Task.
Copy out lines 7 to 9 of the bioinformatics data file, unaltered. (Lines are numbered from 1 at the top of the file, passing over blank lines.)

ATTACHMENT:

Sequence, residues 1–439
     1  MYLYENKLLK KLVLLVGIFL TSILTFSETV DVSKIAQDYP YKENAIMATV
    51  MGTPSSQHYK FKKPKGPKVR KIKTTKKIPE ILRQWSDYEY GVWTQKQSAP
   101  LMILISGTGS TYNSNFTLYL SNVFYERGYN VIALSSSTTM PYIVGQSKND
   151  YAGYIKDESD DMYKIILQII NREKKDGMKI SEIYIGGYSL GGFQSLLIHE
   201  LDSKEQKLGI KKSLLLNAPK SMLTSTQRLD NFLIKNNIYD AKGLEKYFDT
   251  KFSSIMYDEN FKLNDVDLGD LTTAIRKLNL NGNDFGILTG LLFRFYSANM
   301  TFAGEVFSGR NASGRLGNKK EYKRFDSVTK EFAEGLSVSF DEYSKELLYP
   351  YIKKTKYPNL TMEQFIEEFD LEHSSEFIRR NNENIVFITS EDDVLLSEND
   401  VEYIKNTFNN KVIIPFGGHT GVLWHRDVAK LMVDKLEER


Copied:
   251  KFSSIMYDEN FKLNDVDLGD LTTAIRKLNL NGNDFGILTG LLFRFYSANM
   301  TFAGEVFSGR NASGRLGNKK EYKRFDSVTK EFAEGLSVSF DEYSKELLYP
   351  YIKKTKYPNL TMEQFIEEFD LEHSSEFIRR NNENIVFITS EDDVLLSEND